Press Releases

Show off style in the kitchen

By Carol McGarvey, The Associated Press
Saturday March 30, 2002

If a new or remodeled kitchen is in your future, be prepared for myriad choices to show off your personal style. Abandon any rules you think “must” be followed in kitchen planning. The sky’s the limit. 

Can’t decide between the wood look and white cabinets? These days it’s OK to have both. Wall cabinets in one finish and base cabinets in another provide visual interest. 

Can’t afford maintenance-free granite countertops everywhere? Just put them in one work area and mix the look with another material — laminate, ceramic tile, solid-surface materials, stainless steel, concrete or butcher block. Splurge in one area and conserve in another. Consider a marble slab for pastry-making, placing heat-resistant granite near the oven and a butcher block for slicing and chopping. 

But before you shop around, take a quiz to determine your needs: How much time do you spend in the kitchen? What do you do there — eat, read, relax, work on projects, talk on the phone or work on a computer? Does your family message center or bill-paying area need to be in the kitchen? Who’s there with you — children, friends or colleagues? Do you cook alone or with others? What do you cook — elaborate dishes or simple meals? What large and small appliances are essential for you? Where do you store them? Consider the room size, floor plan and window placement. Think about storage and trash — areas you deal with daily. What’s your style — sleek, traditional, uncluttered or an eclectic mix of items and looks?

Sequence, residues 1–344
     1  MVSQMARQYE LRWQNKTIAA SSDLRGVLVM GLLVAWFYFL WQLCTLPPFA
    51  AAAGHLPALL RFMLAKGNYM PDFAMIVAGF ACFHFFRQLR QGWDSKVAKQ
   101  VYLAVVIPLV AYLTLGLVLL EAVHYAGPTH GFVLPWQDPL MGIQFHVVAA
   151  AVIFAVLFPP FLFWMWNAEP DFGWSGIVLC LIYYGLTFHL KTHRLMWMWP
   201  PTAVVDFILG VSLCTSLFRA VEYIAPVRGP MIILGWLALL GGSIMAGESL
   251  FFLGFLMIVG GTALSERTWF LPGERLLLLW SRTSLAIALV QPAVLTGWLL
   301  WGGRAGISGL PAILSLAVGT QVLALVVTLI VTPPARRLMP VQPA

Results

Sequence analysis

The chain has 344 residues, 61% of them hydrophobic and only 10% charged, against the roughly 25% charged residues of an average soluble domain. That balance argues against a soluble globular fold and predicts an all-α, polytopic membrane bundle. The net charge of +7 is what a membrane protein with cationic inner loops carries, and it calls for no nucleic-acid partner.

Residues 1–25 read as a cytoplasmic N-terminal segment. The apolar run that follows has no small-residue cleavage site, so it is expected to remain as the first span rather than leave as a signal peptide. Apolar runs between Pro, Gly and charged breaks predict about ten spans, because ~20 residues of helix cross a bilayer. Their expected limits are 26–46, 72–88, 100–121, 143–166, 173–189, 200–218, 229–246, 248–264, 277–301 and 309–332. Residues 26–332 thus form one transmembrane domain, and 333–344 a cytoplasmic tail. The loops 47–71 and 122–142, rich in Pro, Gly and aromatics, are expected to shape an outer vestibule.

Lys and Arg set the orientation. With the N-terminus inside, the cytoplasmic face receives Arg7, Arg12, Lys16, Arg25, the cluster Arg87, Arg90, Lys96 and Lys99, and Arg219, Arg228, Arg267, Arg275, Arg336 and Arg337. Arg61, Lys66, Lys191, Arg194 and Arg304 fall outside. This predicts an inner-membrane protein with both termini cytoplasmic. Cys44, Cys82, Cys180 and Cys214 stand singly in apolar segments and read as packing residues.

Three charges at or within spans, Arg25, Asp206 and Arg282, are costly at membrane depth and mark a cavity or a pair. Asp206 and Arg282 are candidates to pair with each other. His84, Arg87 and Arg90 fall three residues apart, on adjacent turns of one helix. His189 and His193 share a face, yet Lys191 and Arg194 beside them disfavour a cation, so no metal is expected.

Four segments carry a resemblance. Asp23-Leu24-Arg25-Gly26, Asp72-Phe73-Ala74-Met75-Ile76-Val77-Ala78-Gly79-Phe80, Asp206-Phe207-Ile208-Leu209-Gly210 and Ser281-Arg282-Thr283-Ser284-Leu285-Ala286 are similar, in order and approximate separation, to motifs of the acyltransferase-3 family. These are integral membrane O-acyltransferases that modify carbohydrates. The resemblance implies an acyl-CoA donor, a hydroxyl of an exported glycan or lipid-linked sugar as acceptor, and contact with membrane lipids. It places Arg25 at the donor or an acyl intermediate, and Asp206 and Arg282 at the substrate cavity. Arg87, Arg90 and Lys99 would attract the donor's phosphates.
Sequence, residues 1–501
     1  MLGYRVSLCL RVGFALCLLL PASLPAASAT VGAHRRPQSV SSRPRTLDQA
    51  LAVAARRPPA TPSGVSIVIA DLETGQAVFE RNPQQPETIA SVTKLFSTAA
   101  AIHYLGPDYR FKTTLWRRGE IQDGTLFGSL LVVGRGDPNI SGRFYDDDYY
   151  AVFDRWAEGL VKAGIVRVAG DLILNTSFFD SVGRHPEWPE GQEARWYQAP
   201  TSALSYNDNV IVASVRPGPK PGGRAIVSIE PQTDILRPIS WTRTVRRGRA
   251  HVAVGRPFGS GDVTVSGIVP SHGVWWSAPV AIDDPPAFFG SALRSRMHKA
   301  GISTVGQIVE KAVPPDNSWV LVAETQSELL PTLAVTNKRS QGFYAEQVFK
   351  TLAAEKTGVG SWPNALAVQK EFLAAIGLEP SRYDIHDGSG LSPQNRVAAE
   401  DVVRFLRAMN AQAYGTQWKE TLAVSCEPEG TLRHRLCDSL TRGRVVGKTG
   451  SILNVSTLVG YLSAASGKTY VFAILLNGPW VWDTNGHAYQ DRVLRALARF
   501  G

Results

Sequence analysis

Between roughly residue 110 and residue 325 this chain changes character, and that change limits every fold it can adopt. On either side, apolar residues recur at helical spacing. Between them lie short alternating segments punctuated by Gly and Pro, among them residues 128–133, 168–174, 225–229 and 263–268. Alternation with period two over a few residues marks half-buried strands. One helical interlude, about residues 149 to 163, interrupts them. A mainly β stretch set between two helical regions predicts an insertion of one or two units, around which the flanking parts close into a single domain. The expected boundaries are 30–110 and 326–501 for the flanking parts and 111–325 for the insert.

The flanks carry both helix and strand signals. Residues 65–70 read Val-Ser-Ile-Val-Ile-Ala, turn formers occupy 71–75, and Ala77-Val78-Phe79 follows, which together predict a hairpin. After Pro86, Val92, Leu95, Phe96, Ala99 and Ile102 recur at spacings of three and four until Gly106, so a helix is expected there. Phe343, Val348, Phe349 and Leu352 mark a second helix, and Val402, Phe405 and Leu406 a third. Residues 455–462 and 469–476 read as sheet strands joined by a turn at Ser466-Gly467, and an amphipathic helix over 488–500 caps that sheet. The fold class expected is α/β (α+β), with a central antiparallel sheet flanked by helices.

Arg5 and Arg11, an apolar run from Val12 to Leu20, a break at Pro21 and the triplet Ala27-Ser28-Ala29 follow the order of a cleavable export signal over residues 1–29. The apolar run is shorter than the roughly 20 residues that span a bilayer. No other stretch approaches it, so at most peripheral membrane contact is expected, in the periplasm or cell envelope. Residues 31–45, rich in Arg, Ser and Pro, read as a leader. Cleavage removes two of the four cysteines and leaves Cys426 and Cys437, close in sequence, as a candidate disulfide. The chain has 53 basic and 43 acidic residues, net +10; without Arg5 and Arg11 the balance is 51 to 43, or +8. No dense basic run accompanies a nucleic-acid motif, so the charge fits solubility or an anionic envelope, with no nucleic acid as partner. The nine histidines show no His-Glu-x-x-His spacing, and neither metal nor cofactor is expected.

Start a kitchen file of ideas. When you see a brochure at a home center, a color swatch at a paint store or a photo in a magazine that sparks interest, tuck it away. What you like will start surfacing. 

When it comes to remodeling, even if you have a small kitchen, perhaps you can take advantage of adjoining spaces. Maybe a passthrough or opening up one wall would make the whole area work as a multipurpose cooking-dining-family room. 

One trend is the unfitted kitchen, featuring freestanding, furniture-like cabinetry to create a personal look. A mix of materials, colors and counter heights all work for an eclectic feel. 

Other areas of choice involve flooring, lighting, range and oven styles, sink styles and materials and the ever-growing number of faucet choices. And after the contractor is gone, you’ll have decisions to make about paint color, window treatments and adding accessories to your new space. 

If you’re having trouble balancing your dreams with your bank account, here are ways to cut the budget a bit: Mix and match materials. Splurge one place and cut back another. Create an island from an old table or a pantry from an armoire. 

If you can, do some of the work yourself to cut costs. Shop carefully. If you buy direct, your materials costs might be significantly lower. 

Let those who bid on your project know which materials you plan to purchase. Pay for expertise. An architect or kitchen designer can keep you from making mistakes that cost more than their fees. Compromise intelligently. Choose good labor over expensive materials. A good cabinetmaker, carpenter or decorative painter can make even mundane materials look great. 



Better Homes and Gardens Kitchen Planner (Meredith Books, $14.95 softcover).